private int biXPelsPerMeter = 0x0;
  private int biYPelsPerMeter = 0x0;
  private int biClrUsed = 0;
  private int biClrImportant = 0;
  //--- Bitmap raw data
  private int bitmap [];
  //--- File section
  private FileOutputStream fo;
  //--- Default constructor
  public BMPFile() {
  public void saveBitmap (String parFilename, Image parImage, int
parWidth, int parHeight) {
     try {
        fo = new FileOutputStream (parFilename);
        save (parImage, parWidth, parHeight);
        fo.close ();        
     catch (Exception saveEx) {
        saveEx.printStackTrace ();
   *  The saveMethod is the main method of the process. This method
   *  will call the convertImage method to convert the memory image to
   *  a byte array; method writeBitmapFileHeader creates and writes
   *  the bitmap file header; writeBitmapInfoHeader creates the 
   *  information header; and writeBitmap writes the image.
  private void save (Image parImage, int parWidth, int parHeight) {
     try {
        convertImage (parImage, parWidth, parHeight);
        writeBitmapFileHeader ();
        writeBitmapInfoHeader ();
        writeBitmap ();
     catch (Exception saveEx) {
        saveEx.printStackTrace ();
   * convertImage converts the memory image to the bitmap format (BRG).
   * It also computes some information for the bitmap info header.
  private boolean convertImage (Image parImage, int parWidth, int parHeight) {
     int pad;
     bitmap = new int [parWidth * parHeight];
     PixelGrabber pg = new PixelGrabber (parImage, 0, 0, parWidth, parHeight,
                                         bitmap, 0, parWidth);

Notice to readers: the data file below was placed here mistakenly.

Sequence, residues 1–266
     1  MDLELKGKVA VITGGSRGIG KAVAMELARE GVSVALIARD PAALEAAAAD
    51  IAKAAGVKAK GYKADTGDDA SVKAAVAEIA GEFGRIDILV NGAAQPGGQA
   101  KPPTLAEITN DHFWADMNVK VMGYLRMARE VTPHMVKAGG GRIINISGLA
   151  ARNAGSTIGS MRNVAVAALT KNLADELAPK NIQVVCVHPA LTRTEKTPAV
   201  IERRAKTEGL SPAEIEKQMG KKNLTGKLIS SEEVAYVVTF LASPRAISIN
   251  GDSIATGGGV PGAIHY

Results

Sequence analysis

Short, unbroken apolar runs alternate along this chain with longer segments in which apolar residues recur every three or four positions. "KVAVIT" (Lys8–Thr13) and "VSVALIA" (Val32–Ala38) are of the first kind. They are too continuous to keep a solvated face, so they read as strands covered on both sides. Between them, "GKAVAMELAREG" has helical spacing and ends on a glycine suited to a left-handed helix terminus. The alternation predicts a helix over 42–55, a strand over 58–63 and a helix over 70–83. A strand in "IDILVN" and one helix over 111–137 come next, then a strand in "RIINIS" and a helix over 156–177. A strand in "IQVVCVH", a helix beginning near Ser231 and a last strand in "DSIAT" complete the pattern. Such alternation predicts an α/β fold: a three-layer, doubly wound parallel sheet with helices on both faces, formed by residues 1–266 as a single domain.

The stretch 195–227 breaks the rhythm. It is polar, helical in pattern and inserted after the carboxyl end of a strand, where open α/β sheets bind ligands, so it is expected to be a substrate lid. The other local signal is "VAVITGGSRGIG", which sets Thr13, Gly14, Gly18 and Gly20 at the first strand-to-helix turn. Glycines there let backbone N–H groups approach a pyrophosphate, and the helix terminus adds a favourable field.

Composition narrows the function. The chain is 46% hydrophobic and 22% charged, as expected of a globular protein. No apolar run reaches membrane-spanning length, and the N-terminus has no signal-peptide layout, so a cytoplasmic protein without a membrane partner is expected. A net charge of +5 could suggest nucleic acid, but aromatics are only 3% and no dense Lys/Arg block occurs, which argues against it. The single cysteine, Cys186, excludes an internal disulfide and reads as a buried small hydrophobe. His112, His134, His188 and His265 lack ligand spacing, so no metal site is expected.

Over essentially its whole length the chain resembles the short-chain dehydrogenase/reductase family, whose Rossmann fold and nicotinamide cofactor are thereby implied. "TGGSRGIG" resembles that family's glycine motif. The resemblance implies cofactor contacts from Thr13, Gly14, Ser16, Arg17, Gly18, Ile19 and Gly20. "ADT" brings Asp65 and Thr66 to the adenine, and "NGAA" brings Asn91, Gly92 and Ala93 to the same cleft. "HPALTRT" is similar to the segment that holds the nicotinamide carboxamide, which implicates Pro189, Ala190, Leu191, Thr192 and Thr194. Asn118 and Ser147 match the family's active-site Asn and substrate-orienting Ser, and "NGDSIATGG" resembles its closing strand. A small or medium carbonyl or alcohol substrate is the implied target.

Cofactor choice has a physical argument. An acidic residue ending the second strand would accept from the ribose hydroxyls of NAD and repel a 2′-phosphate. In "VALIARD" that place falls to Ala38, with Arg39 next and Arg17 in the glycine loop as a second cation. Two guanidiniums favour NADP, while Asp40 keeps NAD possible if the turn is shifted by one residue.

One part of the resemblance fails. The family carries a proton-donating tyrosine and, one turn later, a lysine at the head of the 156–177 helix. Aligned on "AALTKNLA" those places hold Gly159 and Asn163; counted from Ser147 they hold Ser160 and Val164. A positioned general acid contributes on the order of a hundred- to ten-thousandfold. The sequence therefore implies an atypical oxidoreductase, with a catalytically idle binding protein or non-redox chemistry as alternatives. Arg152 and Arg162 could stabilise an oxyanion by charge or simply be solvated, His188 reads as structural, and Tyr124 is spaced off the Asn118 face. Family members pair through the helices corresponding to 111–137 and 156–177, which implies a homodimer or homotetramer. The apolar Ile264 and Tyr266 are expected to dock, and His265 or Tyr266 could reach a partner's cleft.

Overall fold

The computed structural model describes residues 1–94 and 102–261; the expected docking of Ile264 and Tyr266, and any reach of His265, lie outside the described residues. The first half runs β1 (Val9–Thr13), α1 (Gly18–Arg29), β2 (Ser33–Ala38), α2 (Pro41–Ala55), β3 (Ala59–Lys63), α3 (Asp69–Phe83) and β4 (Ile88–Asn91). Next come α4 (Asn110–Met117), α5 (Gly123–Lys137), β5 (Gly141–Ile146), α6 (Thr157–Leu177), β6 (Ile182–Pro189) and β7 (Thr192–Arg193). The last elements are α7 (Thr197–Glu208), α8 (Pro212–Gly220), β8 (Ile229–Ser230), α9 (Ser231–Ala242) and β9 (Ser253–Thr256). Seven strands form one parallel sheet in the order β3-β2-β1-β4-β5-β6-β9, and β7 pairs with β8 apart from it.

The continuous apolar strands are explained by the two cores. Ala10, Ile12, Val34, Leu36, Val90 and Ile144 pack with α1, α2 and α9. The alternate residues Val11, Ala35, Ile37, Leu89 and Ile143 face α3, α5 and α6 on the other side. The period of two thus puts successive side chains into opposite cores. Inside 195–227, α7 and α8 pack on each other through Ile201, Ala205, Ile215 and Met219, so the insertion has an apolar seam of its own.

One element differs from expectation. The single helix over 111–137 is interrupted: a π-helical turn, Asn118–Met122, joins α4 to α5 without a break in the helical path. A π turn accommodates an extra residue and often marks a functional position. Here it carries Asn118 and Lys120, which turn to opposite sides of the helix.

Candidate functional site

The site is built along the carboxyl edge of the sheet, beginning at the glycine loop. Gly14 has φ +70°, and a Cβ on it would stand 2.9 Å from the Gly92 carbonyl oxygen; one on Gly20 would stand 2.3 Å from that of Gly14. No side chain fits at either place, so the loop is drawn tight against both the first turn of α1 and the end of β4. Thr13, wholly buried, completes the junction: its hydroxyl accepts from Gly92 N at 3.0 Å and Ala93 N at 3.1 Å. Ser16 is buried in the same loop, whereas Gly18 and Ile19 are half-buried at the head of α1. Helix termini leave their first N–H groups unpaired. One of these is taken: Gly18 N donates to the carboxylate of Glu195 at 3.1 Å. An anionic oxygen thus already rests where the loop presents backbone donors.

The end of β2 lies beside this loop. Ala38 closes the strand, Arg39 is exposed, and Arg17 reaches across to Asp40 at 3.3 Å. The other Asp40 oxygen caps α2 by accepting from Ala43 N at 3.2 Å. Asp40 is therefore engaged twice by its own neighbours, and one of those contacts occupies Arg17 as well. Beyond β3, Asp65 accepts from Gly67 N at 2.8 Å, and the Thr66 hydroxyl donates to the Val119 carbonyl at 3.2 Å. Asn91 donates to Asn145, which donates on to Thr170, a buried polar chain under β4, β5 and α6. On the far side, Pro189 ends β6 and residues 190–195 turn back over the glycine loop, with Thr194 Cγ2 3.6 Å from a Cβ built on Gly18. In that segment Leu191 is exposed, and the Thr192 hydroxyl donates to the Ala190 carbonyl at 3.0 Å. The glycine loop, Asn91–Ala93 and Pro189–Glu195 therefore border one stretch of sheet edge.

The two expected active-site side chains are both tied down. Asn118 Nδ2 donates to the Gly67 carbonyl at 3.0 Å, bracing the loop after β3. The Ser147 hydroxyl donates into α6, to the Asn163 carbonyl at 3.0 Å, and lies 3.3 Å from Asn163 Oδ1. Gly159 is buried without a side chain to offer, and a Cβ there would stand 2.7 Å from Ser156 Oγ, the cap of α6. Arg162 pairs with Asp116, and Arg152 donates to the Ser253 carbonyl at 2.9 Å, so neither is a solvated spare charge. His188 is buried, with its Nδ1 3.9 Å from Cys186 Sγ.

try {
        pg.grabPixels ();
     catch (InterruptedException e) {
        e.printStackTrace ();
        return (false);
     pad = (4 - ((parWidth * 3) % 4)) * parHeight;
     biSizeImage = ((parWidth * parHeight) * 3) + pad;
     bfSize = biSizeImage + BITMAPFILEHEADER_SIZE +
     biWidth = parWidth;
     biHeight = parHeight;
     return (true);
   * writeBitmap converts the image returned from the pixel grabber to
   * the format required. Remember: scan lines are inverted in
   * a bitmap file!
   * Each scan line must be padded to an even 4-byte boundary.
  private void writeBitmap () {
      int size;
      int value;
      int j;
      int i;
      int rowCount;
      int rowIndex;
      int lastRowIndex;
      int pad;
      int padCount;
      byte rgb [] = new byte [3];
      size = (biWidth * biHeight) - 1;
      pad = 4 - ((biWidth * 3) % 4);
      if (pad == 4)   // <==== Bug correction
         pad = 0;     // <==== Bug correction
      rowCount = 1;
      padCount = 0;
      rowIndex = size - biWidth;
      lastRowIndex = rowIndex;
      try {
         for (j = 0; j < size; j++) {
            value = bitmap [rowIndex];
            rgb [0] = (byte) (value & 0xFF);
            rgb [1] = (byte) ((value >> 8) & 0xFF);
            rgb [2] = (byte) ((value >>  16) & 0xFF);
            fo.write (rgb);
            if (rowCount == biWidth) {
               padCount += pad;
               for (i = 1; i <= pad; i++) {